Royal Festival Hall
Debussy: Berceuse héroïque
Magnus Lindberg: Triumf att finnas till… (world premiere)
Stravinsky: Requiem Canticles
Janáček: The Eternal Gospel
Andrea Danková (soprano)
Angharad Lyddon (mezzo-soprano)
Vsevolod Grivnov (tenor)
Maxim Mikhailov (bass)
London Philharmonic Choir (chorus master: Neville Creed)
London Philharmonic Orchestra
Vladimir Jurowski (conductor)
If an armistice remembrance concert is to be held – and surely it is not unreasonable to do so, one hundred years on from 1918 – let it be programmed like this. Yes, official remembrance has, in the very worst sense, been politicised way beyond endurance for most of us in the United Kingdom. What once was more, if never entirely, a remembrance of lives lost, of the evil of war, has, especially since New Labour’s murderous forays into Afghanistan and Iraq, become a totalitarian exhortation to militaristic nationalism. The annual accusatory ordeal of poppy fascism, seemingly receding further and further back in October with every year, should have been abandoned long ago. This, however, had none of that; there was, mercifully, nothing nationalistic to what we heard here. Moreover, if most of the musicians on stage, both in the orchestra and chorus, wore poppies, then it was heartening to see a good few, Vladimir Jurowski included, wearing white.
Debussy’s Berceuse héroïque, his ‘heroic lullaby’, as originally conceived, ‘to pay homage to H.M. King Albert I of Belgium and his soldiers’, said much of what needed to be said. The dark, opening spareness of this London Philharmonic performance sounded as if Debussy, as if we, were remembering the malevolence, the violence, internal and external, of Allemonde, the doomed, fractured society of Pelléas et Mélisande. Maybe of Allemande too: a country about which our ‘musicien français’ showed a distinct lack of wartime understanding. Perhaps Busoni’s earlier Berceuse élégiaque would have proved more universal; perhaps that is partly the point. All of us fall short in our particularities, our proclivities, our prejudices; all of us can do better. The stifling seduction – nationalism does that too – of the soundworld was poignantly judged in a typically controlled performance from Jurowski that yet lacked nothing in atmosphere or drama.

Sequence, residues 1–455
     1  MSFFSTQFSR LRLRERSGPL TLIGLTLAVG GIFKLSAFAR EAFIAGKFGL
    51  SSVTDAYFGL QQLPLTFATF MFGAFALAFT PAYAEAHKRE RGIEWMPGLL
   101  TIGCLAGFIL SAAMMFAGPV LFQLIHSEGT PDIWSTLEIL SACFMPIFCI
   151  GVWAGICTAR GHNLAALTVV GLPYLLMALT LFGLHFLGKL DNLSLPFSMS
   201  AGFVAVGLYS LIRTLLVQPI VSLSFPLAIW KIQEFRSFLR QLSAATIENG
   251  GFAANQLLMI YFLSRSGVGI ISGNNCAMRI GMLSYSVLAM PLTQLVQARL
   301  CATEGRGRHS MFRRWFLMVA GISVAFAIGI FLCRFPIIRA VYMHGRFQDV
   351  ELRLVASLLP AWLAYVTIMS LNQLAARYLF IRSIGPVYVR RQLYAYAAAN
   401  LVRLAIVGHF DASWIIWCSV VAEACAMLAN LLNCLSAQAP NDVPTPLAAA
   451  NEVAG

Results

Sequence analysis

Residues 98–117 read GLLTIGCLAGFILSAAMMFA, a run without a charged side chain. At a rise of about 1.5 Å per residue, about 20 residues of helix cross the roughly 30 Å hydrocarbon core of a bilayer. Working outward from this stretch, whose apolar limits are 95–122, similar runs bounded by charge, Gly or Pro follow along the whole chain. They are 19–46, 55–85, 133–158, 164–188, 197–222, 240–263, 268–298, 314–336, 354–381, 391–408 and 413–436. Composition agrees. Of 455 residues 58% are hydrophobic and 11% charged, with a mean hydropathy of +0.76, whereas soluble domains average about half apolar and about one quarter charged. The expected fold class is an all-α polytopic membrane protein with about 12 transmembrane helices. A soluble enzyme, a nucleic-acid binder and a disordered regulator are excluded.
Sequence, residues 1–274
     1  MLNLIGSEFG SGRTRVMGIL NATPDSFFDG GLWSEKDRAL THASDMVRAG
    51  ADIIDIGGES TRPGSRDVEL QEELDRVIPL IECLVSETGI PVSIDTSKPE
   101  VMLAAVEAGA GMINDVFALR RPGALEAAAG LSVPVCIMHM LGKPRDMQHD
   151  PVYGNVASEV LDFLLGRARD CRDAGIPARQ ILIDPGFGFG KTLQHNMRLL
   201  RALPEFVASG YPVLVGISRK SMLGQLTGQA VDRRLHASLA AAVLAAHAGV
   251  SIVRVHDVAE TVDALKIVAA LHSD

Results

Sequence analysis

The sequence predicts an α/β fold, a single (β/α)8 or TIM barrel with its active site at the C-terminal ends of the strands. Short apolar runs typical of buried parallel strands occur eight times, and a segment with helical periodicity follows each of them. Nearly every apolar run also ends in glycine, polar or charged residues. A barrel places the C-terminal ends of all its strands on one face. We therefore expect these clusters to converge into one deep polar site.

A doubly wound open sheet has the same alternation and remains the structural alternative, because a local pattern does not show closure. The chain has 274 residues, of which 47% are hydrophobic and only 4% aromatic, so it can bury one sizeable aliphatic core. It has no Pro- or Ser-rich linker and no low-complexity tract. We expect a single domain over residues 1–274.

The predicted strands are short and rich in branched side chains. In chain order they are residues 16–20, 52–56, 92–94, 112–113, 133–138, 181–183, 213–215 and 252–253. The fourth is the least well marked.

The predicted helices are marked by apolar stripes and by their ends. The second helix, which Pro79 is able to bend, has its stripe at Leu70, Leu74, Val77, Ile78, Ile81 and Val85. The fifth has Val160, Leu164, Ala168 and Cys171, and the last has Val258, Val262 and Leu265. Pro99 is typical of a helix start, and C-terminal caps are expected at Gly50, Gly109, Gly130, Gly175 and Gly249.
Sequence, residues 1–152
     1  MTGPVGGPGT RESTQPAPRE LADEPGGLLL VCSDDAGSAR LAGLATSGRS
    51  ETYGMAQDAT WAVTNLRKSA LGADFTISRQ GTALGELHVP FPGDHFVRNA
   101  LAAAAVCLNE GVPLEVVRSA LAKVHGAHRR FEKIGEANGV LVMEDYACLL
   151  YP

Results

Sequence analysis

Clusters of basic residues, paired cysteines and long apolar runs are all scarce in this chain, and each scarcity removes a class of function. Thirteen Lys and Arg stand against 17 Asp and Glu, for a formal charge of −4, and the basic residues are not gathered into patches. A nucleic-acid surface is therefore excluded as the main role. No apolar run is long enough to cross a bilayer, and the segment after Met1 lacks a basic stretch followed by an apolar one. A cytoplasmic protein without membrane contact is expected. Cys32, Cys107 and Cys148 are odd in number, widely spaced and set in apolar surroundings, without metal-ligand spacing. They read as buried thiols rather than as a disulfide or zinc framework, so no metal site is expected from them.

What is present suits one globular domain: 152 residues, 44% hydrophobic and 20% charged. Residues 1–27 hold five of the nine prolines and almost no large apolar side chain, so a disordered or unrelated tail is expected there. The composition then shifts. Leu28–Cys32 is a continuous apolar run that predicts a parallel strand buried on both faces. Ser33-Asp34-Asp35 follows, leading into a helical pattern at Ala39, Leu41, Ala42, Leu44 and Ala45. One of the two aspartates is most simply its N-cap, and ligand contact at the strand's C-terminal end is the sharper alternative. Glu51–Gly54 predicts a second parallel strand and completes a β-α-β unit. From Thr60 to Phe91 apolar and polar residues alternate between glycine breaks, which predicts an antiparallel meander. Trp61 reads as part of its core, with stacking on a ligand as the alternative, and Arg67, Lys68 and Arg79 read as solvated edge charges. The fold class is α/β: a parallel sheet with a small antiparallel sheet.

I remain, alas, at a loss to understand what has happened to Magnus Lindberg. Is the composer of Triumf att finnas till… (‘Triumph to exist…’), premiered here, and the Second Violin Concerto, premiered three years ago, really the composer of Kraft? Lindberg’s new choral work sets, in essentially through-composed fashion, seven poems by Edith Södergran. I was delighted to encounter her poetry for the first time earlier this year in Unsuk Chin’s Le Chant des enfants des étoiles. Lindberg, quoted briefly in the programme, speaks admiringly and eloquently of Södergran’s verse and ‘its meditation on the transience of life … [a] defiantly positive affirmation of the joy of existence, the outpouring of one who refuses to submit to the hopelessness all around her.’ For him ‘it says something deeply essential about the tragedy of millions of young men who gave their lives in that useless slaughter.’ I wish I could have thought the same of his setting, which seemed on a first hearing to do little more than, well, set the verse, in a musical language that would have seemed unchallenging at the time of Södergran’s writing. At a pinch, the opening bars might have grown out of Debussy: I noticed in particular the writing for harp. The music, however, quickly grew into something more conventionally ‘late Romantic’. Some of its lush chordal harmonies might have been taken from Szymanowski, albeit without the complexity of texture. The word setting is likewise conventional to a tee, ‘Gloria! Seger!’ sounding just as one might expect. It was probably fun to sing, fun to play even: all quite pleasant. Is that enough? The London Philharmonic Choir, LPO, and Jurowski certainly gave a committed, commanding performance.